Todd Yellin is pretty sure his wife would have never watched Jessica Jones if he hadn’t tricked her. She’s not a fan of shows based on comic books, and even though he’s a Netflix exec, nepotism wouldn’t have been enough to make her tune in. Yet he knew she’d love it. So Yellin did what Netflix often does to woo users: He played to her interests by mentioning the strong female lead and rave reviews.
It worked. They were three episodes in before she noticed the Marvel logo that opens the show, but by that point she was hooked.
As Netflix’s VP of product, figuring out what people like is Yellin’s job—and that often means spending a lot of time with data scientists and machine learning engineers. But his efforts to parse the data coming from the The Defenders, which brings the superheroes Jessica Jones, Luke Cage, Iron Fist, and Daredevil together to defend New York, started at home. “The unique opportunity The Defenders gives us is because of the team-up thing,” Yellin says. “My wife wouldn’t watch Iron Fist or Daredevil. But because she likes Jessica Jones should we suggest Defenders to her?”
More importantly, should Netflix suggest a show like The Defenders to you?
The Defenders provides Netflix with a unique case study. Instead of merely allowing it find out of someone who likes, say, House of Cards also will like Daredevil (yes, BTW), it tells them which of the people who landed on Daredevil because of House of Cards will make the jump to The Defenders. Yellin’s wife enjoyed Jessica Jones because she likes female protagonists. Will that apply to a show where her beloved character is part of an ensemble? Will future crossover shows draw viewers? And, if so, which viewers should Netflix target? Those are just a few of the questions Yellin hopes to answer with data from The Defenders.
Wildly different programs lead people to The Defenders’ standalone shows. The top lead-in show for Luke Cage? Narcos. But for Iron Fist, it’s a Dave Chappelle special. Someone who watches Jones probably will watch Cage, but beyond that the groups of people—Netflix calls them “taste communities”—gravitating toward those shows enjoy very different programming. “Take someone like my 75-year-old mother-in-law, who enjoys Grace and Frankie. Are we going to necessarily suggest Iron Fist to her? Absolutely not. But there is going to be a subset of people it appeals to, so we have to get smart about which people,” Yellin says. “So when something like The Defenders comes out, we’ll look at what percent of people we showed it to actually clicked play, what percent of people had to go and look for it when we should’ve presented it on their homepage at the top.”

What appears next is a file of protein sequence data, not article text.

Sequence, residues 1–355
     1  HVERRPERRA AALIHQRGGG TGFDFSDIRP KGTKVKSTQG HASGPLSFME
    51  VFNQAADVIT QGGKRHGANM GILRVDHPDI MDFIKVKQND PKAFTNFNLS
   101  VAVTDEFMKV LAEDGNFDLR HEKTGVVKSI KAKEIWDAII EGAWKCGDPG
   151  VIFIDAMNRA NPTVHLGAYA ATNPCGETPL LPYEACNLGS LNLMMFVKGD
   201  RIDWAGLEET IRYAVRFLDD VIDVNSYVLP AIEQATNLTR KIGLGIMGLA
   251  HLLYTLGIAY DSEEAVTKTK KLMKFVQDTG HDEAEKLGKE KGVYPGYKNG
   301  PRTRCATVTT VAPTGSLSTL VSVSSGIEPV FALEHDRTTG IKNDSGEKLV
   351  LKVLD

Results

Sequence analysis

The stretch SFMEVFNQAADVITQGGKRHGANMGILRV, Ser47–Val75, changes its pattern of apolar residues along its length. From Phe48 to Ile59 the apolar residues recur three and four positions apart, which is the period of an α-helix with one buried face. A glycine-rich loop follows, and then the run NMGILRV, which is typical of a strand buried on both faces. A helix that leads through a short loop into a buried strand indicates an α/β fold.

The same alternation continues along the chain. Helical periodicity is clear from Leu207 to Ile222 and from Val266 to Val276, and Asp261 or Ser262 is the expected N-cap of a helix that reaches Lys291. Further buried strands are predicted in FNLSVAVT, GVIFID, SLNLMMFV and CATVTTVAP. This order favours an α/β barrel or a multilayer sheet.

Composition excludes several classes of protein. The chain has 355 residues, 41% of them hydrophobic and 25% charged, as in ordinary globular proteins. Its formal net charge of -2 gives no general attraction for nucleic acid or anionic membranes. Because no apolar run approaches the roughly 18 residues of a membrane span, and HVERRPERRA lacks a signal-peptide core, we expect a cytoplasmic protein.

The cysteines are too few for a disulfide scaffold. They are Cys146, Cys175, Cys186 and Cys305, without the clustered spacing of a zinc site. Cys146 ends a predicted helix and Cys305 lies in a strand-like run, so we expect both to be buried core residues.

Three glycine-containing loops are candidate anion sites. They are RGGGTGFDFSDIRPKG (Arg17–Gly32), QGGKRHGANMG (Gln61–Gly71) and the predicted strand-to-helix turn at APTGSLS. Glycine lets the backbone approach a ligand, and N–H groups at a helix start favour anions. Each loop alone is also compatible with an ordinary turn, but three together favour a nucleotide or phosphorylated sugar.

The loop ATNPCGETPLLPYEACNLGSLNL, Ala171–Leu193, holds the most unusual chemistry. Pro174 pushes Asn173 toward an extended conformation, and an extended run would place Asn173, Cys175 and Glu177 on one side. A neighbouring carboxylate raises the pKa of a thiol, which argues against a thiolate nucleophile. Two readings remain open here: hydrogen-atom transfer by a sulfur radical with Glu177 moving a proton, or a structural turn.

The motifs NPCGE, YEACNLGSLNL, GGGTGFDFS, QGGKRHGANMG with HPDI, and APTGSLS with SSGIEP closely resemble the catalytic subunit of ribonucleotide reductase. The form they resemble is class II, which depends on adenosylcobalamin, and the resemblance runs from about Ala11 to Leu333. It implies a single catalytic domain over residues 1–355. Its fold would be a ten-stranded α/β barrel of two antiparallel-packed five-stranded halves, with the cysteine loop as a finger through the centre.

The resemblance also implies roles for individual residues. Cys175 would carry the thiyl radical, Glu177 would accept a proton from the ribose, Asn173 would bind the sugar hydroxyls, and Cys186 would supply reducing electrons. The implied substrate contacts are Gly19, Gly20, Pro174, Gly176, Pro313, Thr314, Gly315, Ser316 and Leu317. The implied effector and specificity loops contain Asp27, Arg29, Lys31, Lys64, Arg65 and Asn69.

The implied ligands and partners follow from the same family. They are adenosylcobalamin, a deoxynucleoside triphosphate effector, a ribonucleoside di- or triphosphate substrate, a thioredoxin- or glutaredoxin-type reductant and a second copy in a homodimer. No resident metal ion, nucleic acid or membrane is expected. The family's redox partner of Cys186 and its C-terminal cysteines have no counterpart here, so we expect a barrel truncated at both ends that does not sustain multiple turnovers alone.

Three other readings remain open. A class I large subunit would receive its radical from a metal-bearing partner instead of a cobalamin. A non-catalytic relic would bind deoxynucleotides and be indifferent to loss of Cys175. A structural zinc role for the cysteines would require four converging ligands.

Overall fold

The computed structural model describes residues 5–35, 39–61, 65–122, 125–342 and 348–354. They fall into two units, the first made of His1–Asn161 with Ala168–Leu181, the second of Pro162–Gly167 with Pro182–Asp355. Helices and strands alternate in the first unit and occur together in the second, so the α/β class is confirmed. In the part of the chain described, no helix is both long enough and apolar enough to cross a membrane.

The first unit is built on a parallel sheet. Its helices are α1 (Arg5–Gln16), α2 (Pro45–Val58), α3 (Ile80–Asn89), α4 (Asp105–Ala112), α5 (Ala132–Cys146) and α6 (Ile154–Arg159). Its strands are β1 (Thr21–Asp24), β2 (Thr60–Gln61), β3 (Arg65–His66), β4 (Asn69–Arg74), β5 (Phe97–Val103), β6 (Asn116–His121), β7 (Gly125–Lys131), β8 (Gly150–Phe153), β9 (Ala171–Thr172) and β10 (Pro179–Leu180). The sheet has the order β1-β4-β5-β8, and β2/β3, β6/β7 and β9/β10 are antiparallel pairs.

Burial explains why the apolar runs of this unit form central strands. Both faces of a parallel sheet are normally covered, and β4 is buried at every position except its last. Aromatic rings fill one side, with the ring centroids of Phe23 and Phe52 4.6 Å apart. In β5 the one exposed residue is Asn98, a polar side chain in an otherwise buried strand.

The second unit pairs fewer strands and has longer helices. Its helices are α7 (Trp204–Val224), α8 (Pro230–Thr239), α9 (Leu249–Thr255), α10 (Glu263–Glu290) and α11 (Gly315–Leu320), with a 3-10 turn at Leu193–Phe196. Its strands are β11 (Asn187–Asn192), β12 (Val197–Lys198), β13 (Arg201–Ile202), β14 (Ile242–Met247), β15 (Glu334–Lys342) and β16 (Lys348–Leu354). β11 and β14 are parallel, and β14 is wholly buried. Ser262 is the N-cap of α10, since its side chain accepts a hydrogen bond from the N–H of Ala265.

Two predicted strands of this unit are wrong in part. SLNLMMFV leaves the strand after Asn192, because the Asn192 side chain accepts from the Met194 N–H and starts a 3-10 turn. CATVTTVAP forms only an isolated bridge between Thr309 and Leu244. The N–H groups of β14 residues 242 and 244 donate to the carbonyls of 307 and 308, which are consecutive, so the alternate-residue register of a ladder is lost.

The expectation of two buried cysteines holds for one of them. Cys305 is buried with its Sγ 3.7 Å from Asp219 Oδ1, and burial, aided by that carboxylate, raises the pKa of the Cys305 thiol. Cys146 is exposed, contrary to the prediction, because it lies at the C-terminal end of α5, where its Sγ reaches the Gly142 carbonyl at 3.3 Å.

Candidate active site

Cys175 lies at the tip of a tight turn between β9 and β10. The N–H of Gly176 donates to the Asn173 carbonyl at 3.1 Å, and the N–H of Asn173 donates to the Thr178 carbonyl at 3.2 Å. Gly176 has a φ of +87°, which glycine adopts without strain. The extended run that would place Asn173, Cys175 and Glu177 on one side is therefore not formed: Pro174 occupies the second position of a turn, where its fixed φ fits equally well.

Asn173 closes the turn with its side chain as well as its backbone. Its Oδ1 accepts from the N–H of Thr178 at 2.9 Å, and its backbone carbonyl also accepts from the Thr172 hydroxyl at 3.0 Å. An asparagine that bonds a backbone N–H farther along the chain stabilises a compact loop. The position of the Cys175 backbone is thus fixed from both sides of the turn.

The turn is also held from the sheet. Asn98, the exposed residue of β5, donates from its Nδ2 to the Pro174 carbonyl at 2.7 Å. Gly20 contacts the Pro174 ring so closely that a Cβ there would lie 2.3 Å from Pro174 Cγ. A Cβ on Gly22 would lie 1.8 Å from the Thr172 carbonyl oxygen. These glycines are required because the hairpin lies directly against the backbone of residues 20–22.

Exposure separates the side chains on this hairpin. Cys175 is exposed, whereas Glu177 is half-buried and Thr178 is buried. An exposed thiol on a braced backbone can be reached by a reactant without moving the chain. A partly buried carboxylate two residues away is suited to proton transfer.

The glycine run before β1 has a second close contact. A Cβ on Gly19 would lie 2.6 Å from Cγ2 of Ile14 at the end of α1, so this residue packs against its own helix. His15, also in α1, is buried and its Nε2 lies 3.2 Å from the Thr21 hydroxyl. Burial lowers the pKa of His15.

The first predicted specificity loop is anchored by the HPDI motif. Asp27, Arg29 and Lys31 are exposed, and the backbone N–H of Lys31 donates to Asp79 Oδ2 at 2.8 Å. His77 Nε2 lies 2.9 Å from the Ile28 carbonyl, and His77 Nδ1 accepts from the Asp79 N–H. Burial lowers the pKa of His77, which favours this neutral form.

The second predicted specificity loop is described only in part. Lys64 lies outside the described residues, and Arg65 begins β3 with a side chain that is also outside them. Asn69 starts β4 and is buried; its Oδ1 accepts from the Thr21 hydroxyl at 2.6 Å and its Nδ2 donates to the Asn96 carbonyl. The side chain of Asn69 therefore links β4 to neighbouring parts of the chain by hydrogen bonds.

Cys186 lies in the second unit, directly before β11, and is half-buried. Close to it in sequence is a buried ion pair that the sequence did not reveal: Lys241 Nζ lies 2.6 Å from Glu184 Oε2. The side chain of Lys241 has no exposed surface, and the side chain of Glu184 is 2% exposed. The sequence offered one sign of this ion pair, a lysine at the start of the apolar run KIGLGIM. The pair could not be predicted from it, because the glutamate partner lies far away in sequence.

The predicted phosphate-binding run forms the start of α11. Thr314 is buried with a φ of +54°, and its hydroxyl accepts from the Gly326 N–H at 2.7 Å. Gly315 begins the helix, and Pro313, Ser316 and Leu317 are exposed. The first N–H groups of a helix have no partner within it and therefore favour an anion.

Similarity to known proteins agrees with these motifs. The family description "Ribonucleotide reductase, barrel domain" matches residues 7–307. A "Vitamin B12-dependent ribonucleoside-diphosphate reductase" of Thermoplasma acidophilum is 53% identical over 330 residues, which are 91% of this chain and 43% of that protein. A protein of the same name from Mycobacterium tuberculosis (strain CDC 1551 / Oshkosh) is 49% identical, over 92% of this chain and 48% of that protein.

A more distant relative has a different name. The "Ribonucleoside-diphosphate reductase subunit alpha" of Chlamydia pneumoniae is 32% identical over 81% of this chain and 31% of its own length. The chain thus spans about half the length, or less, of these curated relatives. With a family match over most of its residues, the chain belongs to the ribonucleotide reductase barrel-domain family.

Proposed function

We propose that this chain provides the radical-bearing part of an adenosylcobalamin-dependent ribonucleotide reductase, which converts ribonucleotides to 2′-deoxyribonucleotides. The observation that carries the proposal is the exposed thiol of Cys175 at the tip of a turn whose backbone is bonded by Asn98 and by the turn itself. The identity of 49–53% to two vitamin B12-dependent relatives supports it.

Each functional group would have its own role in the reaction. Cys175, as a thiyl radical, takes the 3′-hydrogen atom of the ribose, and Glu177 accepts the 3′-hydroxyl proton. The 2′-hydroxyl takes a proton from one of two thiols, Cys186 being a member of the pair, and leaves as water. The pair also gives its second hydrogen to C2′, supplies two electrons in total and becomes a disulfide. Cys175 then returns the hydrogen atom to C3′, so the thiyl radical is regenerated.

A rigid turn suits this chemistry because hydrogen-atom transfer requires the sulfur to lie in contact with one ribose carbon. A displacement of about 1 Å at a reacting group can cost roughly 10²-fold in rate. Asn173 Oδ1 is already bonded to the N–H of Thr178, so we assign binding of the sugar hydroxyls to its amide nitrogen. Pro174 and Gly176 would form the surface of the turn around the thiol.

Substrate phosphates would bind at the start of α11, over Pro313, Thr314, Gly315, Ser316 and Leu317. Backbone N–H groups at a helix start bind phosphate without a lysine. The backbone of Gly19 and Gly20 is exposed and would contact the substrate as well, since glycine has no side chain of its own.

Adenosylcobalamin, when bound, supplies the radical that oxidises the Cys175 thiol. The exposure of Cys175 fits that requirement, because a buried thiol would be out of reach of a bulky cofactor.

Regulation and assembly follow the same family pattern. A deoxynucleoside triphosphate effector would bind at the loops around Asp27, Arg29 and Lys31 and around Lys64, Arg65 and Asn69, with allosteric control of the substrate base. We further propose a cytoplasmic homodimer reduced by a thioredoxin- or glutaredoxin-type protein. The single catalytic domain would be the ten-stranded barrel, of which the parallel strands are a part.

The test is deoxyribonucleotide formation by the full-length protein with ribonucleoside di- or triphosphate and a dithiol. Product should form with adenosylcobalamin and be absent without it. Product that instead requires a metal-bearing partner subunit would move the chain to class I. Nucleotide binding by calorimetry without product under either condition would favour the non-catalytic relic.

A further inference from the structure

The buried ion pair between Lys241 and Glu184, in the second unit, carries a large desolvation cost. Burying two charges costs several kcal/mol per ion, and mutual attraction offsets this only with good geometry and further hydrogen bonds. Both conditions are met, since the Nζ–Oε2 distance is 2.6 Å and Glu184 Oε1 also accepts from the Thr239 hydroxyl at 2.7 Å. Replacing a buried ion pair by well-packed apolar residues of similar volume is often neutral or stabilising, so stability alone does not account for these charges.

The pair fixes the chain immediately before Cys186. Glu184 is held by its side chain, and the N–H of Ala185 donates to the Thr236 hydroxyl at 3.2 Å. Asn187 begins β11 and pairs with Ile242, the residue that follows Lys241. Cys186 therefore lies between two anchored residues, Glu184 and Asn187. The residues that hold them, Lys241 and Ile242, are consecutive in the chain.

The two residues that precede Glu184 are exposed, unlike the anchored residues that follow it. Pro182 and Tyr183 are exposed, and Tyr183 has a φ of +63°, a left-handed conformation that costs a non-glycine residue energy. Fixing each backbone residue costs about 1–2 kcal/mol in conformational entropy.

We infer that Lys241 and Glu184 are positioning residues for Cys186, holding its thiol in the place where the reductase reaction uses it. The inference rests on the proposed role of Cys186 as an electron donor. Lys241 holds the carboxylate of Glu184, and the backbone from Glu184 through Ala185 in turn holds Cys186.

That Grace and Frankie example isn’t a joke. Internal data shows that lots of people who like the Jane Fonda-Lily Tomlin vehicle also dig Iron Fist. The taste community for Luke Cage, on the other hand, draws from Stranger Things and Easy. If you like Jessica Jones, you probably watch Master of None. And people who watch Friends tend to enjoy both Jones and Daredevil. (Maybe they really love establishing shots of New York City.) Netflix has some 2,000 taste communities worldwide, and every time the company’s algorithms get a data set they get smarter about recommending stuff to those communities. Defenders lets Netflix learn more about how they overlap.
That knowledge will eventually make its way to your queue. Every Netflix user belongs to three or four taste communities. It’s easy to say that this influences what appears in your recommendations, but it’s not quite that simple. Membership in those communities does more than dictate the top 10 comedies appearing in a row of your queue, it determines whether comedies appear there at all. “It determines what rows we show you and the order of the titles in those rows,” Yellin says. “You might get drama as your second row; I might get it as my 15th. Someone else might not even see a drama row.” Each time you open Netflix it exposes you to 40 or 50 titles. Netflix considers it a win if you choose one of them.
The Defenders premiered last week, so it will be awhile before Netflix gains an exhaustive understanding of viewers. But people like Yellin are watching the data closely. A thorough understanding of it will make Netflix more adept at recommending programs, yes, but it will also provide Netflix with a better idea of the shows it ought to make in the first place. Netflix has never brought stars from four shows together in an ensemble cast before, and the experiment could help determine whether it should do it again. Only a small fraction of viewers watch all four programs that inspired The Defenders, but many people watch at least a couple of them. Yellin hopes to learn “what happens when you put the mélange together” and what that might mean for future team-ups.
“Even if you look at historical things like the Avengers series in movies that Marvel does—there you can do big surveys, but you never know exact behavior. But we will,” Yellin says. “What we’re going to be learning as a company from both the algorithm side and the content side is what happens when you pair up shows that aren’t exactly the same thing.”
Get ready for a much more refined taste community in Hell’s Kitchen.